Tags: Emerging Threats | Iran | Michael Hayden | Iran Deal | Nuclear Arms

Hayden: I'd Be Surprised if Iraq Nuke Talks Bring No Agreement

Hayden: I'd Be Surprised if Iraq Nuke Talks Bring No Agreement
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By    |   Monday, 06 July 2015 01:10 PM

Retired Gen. Michael Hayden said Monday that he'd be surprised if ongoing talks with Iran end with no agreement, but he agrees with Secretary of State John Kerry that it's hard to tell what that pact would include.

"They [Iran] really need a deal for economic reasons," the former CIA and NSA director told MSNBC's "Morning Joe" program. "I think we want a deal. We want a deal for, I'm afraid, for political and personal reasons. I would be surprised if the secretary leaves Vienna without something he could present to Congress when he comes back to the United States."

He is concerned, though, that Kerry will come home with something that "he claims to be an agreement," like in April, "when they went back [home] ... and were explaining things in different ways.

"I think we need absolute clarity on the conditionality of sanctions relief ... tying it to specific Iranian achievements, the things they have to do."

He also said the agreement needs to include the ability to inspect Iran's nuclear facilities "anywhere, anytime," and if words like "creative solutions or joint resolution panel" are part of the agreement, "we really don't have a deal."

Hayden said he hopes that the Obama administration and State Department will follow through with promises to walk away from the table without a deal if an acceptable pact isn't reached.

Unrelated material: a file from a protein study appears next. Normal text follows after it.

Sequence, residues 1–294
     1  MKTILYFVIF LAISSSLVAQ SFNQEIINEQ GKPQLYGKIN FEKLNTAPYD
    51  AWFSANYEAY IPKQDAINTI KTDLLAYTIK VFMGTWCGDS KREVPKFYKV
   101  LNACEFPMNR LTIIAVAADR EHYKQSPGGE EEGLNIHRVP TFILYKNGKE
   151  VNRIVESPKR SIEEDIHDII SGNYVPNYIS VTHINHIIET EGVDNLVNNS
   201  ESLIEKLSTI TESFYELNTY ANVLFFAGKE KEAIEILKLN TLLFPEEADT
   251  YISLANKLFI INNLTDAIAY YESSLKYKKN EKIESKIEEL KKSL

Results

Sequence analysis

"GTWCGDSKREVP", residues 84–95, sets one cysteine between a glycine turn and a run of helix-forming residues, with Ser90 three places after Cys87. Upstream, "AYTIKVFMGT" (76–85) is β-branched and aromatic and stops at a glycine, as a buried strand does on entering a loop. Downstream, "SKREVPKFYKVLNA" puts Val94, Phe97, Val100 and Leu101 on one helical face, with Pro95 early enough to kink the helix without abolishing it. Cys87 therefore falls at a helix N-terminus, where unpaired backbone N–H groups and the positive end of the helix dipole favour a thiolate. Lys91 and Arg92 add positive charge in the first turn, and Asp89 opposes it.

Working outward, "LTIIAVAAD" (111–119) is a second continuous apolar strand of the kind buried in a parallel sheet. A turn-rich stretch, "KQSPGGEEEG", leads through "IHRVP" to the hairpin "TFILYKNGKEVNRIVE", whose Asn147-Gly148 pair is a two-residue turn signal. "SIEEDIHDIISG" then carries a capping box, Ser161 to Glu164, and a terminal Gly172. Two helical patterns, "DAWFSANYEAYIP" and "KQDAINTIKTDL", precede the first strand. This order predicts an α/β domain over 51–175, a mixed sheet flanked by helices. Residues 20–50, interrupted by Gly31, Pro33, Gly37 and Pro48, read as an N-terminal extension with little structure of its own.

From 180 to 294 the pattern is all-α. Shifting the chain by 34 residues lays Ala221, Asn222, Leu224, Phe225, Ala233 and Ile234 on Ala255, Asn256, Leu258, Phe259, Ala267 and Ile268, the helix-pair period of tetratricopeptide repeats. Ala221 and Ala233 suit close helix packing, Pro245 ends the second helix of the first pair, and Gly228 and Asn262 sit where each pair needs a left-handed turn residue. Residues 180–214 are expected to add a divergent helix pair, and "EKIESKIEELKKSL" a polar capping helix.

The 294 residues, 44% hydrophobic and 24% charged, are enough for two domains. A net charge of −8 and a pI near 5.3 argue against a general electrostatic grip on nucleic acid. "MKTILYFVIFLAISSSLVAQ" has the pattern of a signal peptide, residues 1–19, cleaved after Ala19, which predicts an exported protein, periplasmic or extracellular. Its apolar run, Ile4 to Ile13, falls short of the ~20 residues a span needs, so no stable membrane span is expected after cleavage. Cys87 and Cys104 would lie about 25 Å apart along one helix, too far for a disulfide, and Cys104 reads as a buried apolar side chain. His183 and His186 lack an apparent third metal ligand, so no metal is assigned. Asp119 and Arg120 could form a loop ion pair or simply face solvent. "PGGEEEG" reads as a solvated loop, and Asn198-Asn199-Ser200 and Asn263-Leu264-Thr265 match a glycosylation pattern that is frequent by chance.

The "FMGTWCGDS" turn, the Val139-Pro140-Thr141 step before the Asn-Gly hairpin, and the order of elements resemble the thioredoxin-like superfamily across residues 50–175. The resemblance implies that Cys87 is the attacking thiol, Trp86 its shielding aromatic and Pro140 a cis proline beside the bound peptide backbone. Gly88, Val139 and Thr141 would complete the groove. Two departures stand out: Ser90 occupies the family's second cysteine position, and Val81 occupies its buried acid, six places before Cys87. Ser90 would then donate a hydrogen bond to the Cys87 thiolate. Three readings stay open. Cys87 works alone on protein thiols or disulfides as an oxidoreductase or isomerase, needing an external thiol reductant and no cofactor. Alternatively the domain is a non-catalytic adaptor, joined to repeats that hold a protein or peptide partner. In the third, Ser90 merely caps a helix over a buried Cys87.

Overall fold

"I don't think this means everything collapses," said Hayden. "I think this means we can rejoin later in the summer and after having impressed the Iranians with our seriousness about some of these conditions."

But unless the International Atomic Energy Agency has the ability to go where it needs, "I don't think we have a deal at all," said Hayden. "I've said before, they're not going to cheat on this agreement at known facilities. It's the unknown facilities. Those are the places that the IAEA has to go."

State Department spokesman John Kirby told CNN's "New Day" program that even though Tuesday is the deadline that has been stated for the talks, "it's important to remember that the July 7 deadline was a technical extension. An extension of the agreements under the joint plan of action that all the parties signed. It's a technical extension and only that."

He said that it is not known yet if the talks will go past the deadline, and that Kerry was clear that work would continue this week.

"If they can meet [with] agreement on the key issues, we could have an agreement this week — but there's no guarantee," Kirby said.

Meanwhile, there has been progress made, but there are still very difficult decisions to be made and disagreements to be hashed out, said Kirby, and the ministers who have been working on the agreement for years are still working their way through it.

Kirby also said that when it comes to questions on "anytime" inspections, he would not be "negotiating here on national TV." But in April all the parties, including Iran, agreed to a set of parameters that would allow IAEA officials to inspect as they needed to, wherever they wanted to go and whenever they needed to, in order "to make sure that the concerns were addressed over Iran's past military dimensions of the program."

The United States is definitely seeking an agreement that keeps Iran from pursuing and possessing nuclear weapons, said Kirby, but a relationship with Iran is complicated for far more reasons than nukes, including the Middle Eastern country's support of terrorism around the region and its history of human rights violations.

"Our focus is right now ... trying to get to an agreement on a nuclear deal and not specifically in these negotiations dealing with all those other issues," Kirby said, as those issues will not be solved in Vienna with the nuclear deal.

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Retired Gen. Michael Hayden said Monday that he'd be surprised if ongoing talks with Iran end with no agreement, but he agrees with Secretary of State John Kerry that it's hard to tell what that pact would include.
Michael Hayden, Iran Deal, Nuclear Arms
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2015-10-06
Monday, 06 July 2015 01:10 PM
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